Black Friday Safe Shopping Top Ten Tips

MORAY Council’s Trading Standards team is offering up their top 10 tips for shopping safely and hassle-free online as Black Friday and Cyber Monday approach:

  1. Start your shopping early to ensure that presents arrive on time. The law says that, unless otherwise agreed, online retailers have 30 days to deliver your goods.
  2. When shopping online, you usually have a 14-day cancellation period which allows you to cancel the contract. There are exceptions to this, including personalised or perishable goods, or items bought from a private individual.
  3. If you do exercise your right to cancel, online retailers must refund the full cost plus the original delivery charge, although you may be required to pay the cost of returning the item. Traders may not charge a restocking or administrative fee if you cancel within your 14-day cancellation period.
  4. Don’t know the company? Before you buy, take a minute to search for company reviews on the internet. Where are they based? There should be a postal address on the website. Do not assume that it’s a UK-based company because it has .uk in the web address.
  5. Found what you want at a really low price? Could it be counterfeit? Fake goods are usually poor quality and could be unsafe.
  6. Only order from secure sites with the padlock symbol in the address bar. The address should begin with https://.
  7. Having problems with delivery charges because of your postcode? Check out the Delivery Law website at for more advice.
  8. If you receive goods that are not of satisfactory quality, you have a 30-day right to reject them and get a full refund.
  9. Consider using a credit card for purchases over £100 for added protection under s.75 of the Consumer Credit Act 1974.
  10. Remember – if it looks too good to be true, it probably is.

If you need more advice on a purchase you’ve made, contact Citizens Advice Consumer Service on 0300 123 4561 or email Moray Council’s Trading Standards team on

Whilst reading these tips on how to keep yourself safe when shopping online please read the information below on how to keep the Council safe from fraud and corruption.

Keeping the Council safe from fraud and corruption:  a few tips from the Corporate Integrity Group

Officers from a number of different departments sit on the council’s Corporate Integrity Group . The group tries to improve the council’s resilience to crime, fraud and corruption by keeping an overview of current threats, and the councils policies and procedures designed to combat them.  Here are some tips from the group:

Be wary of telephone or email scams.

There have been a few cases recently where staff have been tricked into fraudulent phishing (email) or vishing (phone) scams.  

  • You could receive an email, which on the face of it looks genuine, asking you to open an attachment which could compromise the Council’s IT system.  Something may not quite look right about an email.  So be vigilant.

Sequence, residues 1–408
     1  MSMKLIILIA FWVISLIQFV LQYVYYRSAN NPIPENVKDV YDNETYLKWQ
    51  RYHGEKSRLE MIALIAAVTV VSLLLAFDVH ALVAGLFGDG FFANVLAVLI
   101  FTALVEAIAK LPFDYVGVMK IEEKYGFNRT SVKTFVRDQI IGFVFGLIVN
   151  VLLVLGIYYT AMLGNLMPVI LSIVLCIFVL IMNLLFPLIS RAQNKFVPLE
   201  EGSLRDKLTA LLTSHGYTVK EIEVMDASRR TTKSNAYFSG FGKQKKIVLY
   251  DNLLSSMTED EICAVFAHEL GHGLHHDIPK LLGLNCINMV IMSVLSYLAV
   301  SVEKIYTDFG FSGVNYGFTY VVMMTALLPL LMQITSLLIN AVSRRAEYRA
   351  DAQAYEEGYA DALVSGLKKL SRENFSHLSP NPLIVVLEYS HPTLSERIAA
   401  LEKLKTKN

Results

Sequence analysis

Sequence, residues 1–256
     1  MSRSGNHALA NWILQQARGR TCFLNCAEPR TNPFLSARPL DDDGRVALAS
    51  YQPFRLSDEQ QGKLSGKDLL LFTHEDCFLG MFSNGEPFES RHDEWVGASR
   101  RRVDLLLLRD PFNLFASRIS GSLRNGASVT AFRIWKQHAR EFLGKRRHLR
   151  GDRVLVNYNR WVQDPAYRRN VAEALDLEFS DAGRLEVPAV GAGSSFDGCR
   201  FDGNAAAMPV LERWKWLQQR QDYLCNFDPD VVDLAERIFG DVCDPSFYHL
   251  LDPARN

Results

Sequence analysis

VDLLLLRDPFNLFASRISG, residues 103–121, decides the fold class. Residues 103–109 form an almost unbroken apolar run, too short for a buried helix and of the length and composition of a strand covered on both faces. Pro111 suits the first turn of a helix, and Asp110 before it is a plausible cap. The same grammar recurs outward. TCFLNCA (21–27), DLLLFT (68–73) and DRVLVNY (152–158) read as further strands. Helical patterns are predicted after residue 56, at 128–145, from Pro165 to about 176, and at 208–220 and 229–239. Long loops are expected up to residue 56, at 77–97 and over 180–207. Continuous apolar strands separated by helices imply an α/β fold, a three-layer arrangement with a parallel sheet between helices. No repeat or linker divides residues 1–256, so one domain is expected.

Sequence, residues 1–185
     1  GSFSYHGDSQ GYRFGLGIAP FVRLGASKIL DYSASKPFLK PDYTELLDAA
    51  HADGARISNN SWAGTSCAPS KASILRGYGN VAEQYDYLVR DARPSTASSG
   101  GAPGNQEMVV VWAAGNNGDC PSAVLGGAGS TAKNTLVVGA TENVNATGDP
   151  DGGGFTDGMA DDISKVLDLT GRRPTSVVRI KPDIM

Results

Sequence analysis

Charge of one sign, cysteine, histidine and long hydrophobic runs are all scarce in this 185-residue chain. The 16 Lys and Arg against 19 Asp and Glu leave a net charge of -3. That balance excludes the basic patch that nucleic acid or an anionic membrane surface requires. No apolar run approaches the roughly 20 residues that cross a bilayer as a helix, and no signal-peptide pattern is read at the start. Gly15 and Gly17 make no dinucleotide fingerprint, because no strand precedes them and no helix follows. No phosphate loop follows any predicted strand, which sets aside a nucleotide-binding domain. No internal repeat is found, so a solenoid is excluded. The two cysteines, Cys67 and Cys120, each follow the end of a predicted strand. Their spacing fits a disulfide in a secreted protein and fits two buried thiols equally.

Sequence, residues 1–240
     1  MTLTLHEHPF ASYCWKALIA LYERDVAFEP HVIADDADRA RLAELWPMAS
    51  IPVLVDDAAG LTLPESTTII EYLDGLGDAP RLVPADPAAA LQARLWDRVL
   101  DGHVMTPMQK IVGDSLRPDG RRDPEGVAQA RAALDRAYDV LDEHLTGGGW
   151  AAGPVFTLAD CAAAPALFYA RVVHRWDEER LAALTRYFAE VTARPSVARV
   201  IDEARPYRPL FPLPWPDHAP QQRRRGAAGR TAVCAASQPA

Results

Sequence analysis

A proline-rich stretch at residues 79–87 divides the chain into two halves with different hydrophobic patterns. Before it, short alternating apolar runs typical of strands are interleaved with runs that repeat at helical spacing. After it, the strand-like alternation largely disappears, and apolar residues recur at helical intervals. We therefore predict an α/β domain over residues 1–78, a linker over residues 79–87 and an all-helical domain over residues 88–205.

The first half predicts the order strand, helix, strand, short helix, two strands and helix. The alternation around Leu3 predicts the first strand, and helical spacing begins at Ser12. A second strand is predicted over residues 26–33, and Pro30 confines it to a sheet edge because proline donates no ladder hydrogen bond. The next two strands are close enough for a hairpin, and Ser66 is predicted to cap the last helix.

• You could be asked by a supplier to change the bank account details which we pay them through.  But it may be not be the real supplier who has made the request.  If in doubt phone them up to check it is them. There is further guidance from our payments section [add link].

Payments to others

Make sure that you have a system of checks and balances for payments to others, and that more than one person is involved in a process.

Receiving unsolicited gifts and conflicts of interest.

Be wary if a supplier, contractor, business acquaintance or applicant offers you a gift, reduction or special terms.  This could be anything from a bottle of whisky to covering attendance costs at an event.  They may be trying to influence future decisions or a regulatory process.  If you are in doubt about whether about whether you can accept a gift, speak to your manager.  Make sure any gifts are declared in line with the Council’s policy:

Good housekeeping with confidential information.

  • Keep a tidy desk, an organised filing system and make sure confidential information is secure.
  • As a general rule, only people who need to know information should have access to it.
  • Be careful with names, addresses and sensitive records.  If you are sending out a letter, double check that you have the right addressee.
  • Keep a record of what IT/records systems each staff member has access to.  When you recruit make sure that adequate data protection training is given and when staff leave, make sure that you recover all equipment, ID badges and remove all system permissions and passwords.

Be mindful of building security

And a final one – try and keep your ID badge visible when you are in a council building. If you see an unfamiliar face without a badge, don’t be afraid to ask them if they need help. 

Make sure visitors to the building are escorted at all times, otherwise get a temporary ID badge for them.

Rate this Page